Seeing me stare at him, Jorgensen flashed a millisecond scowl and said, "Who the devil are you?"

Several other players turned slightly toward me at this. Nervously, I extended my hand. "Vic," I said, simply.

Number twenty took my hand and squeezed. He said nothing. Then he sat beside me. Agassi got up and left, a sick cheese-eating grin on his face.

Bad blood between them, I could tell. Maybe words had been exchanged, if not blows. In my peripheral vision I perceived eyes assessing me. Were we friends? Was I not the loner I hoped? They'd stopped laughing over there for some reason.

"Vic Trenton," Eric the Barbarian repeated philosophically. "Didn't I play you in the second round of the Stanley Cup two years ago?"

"Hey, that's right, isn't it?" I said, swallowing the lump in my throat.

"You aced me into oblivion, as I recall." Here I lowered my voice. "But who are you playing in the first round here?"

True to his word, the official, a man by the name of McGuffin, obtained four rackets for me from the Wilson people, all strung at ninety pounds. What he actually gave me, though, were five rackets. The fifth was a Prince Graphite. Prince, he explained, had learned that my contract with Wilson had just expired, and would I maybe try out the superior performance of one of their oversizes, which had been conveniently strung for me at precisely ninety pounds?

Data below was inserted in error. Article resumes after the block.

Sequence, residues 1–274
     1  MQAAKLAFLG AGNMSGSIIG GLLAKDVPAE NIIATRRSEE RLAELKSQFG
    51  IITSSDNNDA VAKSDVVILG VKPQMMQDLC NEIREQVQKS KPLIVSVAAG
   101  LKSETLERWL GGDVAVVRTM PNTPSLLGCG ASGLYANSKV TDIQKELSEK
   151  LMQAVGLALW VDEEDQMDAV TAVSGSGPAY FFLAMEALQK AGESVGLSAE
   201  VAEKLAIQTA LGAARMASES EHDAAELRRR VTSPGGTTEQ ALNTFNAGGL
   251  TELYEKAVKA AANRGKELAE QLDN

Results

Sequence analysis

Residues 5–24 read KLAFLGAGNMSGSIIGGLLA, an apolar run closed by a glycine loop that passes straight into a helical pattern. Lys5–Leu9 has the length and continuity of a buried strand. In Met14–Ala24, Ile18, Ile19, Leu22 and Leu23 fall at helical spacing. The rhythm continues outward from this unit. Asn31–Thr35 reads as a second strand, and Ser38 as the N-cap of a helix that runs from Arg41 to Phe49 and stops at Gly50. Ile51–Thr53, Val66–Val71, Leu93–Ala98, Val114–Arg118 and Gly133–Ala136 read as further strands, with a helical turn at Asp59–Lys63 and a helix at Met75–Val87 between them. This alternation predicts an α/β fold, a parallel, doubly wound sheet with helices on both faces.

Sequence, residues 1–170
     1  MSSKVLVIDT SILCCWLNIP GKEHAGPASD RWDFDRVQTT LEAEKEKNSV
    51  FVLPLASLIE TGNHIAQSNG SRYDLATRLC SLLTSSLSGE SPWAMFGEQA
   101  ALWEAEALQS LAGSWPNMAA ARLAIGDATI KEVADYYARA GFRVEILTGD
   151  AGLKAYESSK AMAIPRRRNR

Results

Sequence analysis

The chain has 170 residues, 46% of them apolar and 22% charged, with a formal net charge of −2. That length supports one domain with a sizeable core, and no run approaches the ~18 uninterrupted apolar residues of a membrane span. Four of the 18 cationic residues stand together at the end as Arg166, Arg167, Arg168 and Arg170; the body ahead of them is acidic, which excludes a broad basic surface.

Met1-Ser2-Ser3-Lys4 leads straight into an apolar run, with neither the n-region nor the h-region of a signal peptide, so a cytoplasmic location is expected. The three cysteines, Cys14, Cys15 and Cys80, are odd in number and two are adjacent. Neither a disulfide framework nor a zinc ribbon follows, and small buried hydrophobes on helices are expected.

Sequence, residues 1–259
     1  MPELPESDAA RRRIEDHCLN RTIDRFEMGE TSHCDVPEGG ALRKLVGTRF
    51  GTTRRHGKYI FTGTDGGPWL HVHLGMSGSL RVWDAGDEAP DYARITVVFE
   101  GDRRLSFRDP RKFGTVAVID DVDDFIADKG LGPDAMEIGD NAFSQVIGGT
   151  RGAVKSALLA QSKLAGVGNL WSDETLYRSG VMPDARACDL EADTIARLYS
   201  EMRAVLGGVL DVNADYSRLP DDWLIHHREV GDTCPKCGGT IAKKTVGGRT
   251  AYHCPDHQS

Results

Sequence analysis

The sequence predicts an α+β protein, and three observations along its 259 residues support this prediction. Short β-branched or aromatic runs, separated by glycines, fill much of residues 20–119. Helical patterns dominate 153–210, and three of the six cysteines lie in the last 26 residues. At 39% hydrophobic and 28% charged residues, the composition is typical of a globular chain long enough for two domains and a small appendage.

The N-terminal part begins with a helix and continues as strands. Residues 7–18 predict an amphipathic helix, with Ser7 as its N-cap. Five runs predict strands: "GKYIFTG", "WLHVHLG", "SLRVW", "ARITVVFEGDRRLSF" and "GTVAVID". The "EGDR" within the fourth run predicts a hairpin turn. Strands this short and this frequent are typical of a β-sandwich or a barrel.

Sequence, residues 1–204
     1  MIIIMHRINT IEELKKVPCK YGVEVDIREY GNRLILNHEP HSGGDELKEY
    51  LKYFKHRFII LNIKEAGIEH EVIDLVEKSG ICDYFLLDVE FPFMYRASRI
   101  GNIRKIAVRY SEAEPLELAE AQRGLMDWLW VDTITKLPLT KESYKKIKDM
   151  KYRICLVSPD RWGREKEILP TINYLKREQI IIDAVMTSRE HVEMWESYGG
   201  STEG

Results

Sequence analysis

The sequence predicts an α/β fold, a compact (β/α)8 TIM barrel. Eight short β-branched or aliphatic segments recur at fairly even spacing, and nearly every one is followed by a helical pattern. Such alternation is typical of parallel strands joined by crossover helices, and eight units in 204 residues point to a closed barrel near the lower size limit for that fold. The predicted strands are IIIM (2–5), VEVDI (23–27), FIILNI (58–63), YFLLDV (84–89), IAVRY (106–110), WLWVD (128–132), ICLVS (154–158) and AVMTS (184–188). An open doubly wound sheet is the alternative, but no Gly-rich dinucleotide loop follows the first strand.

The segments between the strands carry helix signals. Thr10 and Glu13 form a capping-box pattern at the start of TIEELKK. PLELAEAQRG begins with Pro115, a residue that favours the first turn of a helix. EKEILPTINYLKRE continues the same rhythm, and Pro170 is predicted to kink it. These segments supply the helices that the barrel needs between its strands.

So now I had food, my own locker, a player pass to all games and VIP parties, and hopefully several hours to enjoy it all. I could carry a racket around and sign autographs if I wanted. Or I could shoot the breeze with all the beautiful people in the clubhouse, hoping not to pick anyone who knew me too well. Ivana Trump, perhaps? Brooke Shields? In short, I was in tennis heaven. Or so I thought.

Being twenty-seventh in the world, I soon discovered, had distinct drawbacks. The only autographs I was able to sign were for two kids, one of whom had dribbled chocolate on the back of the waxed ice cream wrapper I tried unsuccessfully to imprint with the name Vic Trenton. And the closest I got to Ivana was a chat with her bodyguard Vince, who informed me she didn't want to be disturbed. {ie. especially by a man who twenty-six people in the world had the right to call "loser."} He wasn't going to do me any favors, and I knew how that felt. In fact, as I watched Jorgensen go down in defeat to the punishing backhand of Andre, I got to see first hand how tennis was dominated by a handful of world-hopping celebrities, some still in their teens, who showed no mercy in their run for the money, the fame, and the power. Below the top ten, and you were nobody.

It happened like this: Jorgensen came onto the court for their 12:15 match with fourteen rackets, as if he expected to break a few on the linesmans' heads. It was hot, maybe ninety degrees, and if you looked across the flat green hot top, you could see waves of heat like the horizontal lines on an old tube TV. Since this was the first center court match of the tournament, I glanced up at the announcer's booth and sure enough, there was Bud Collins up there, practicing his one-liners for broadcast. The match began with Jorgensen scowling across the net at Agassi, and Andre returning nothing except a cold, implacable stare which held in it all the implicit cruelty of the grave. Agassi opened with a service ace, which was overruled by the chair umpire, who called it out.

Jorgensen grinned. Andre just barred his teeth. The mood was set.